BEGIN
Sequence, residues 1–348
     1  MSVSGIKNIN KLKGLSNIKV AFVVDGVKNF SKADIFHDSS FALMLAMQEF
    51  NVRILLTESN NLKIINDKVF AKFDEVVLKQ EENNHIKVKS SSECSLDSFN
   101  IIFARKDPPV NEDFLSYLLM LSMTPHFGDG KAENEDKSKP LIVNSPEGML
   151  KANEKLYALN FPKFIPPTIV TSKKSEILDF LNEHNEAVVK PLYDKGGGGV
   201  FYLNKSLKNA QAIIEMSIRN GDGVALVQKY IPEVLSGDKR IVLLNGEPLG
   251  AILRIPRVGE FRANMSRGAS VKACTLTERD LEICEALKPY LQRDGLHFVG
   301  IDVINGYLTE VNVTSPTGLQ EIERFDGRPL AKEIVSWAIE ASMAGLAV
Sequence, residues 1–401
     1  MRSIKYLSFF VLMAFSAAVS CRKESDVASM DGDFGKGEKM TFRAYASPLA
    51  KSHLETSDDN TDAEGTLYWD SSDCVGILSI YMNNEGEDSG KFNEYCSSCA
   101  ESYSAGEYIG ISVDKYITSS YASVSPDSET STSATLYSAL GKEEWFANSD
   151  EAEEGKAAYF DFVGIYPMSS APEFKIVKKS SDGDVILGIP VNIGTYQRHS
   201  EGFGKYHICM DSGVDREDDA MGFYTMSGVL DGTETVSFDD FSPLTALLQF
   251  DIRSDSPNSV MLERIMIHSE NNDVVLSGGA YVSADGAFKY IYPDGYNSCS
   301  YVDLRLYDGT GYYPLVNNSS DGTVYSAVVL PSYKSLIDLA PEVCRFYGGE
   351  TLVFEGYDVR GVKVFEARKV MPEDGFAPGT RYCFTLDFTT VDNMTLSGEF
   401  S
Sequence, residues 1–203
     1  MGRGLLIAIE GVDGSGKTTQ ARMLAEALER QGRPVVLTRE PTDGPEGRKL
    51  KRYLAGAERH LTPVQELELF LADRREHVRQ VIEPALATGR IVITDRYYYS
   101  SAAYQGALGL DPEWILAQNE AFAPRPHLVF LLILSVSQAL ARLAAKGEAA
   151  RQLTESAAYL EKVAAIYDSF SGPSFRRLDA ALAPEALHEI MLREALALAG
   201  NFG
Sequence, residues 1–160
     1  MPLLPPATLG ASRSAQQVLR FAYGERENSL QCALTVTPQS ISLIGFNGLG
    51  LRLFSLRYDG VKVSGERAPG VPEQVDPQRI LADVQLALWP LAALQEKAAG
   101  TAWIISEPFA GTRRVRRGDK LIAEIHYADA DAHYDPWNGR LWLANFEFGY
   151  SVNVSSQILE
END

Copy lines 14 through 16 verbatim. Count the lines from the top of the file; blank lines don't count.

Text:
   201  EGFGKYHICM DSGVDREDDA MGFYTMSGVL DGTETVSFDD FSPLTALLQF
   251  DIRSDSPNSV MLERIMIHSE NNDVVLSGGA YVSADGAFKY IYPDGYNSCS
   301  YVDLRLYDGT GYYPLVNNSS DGTVYSAVVL PSYKSLIDLA PEVCRFYGGE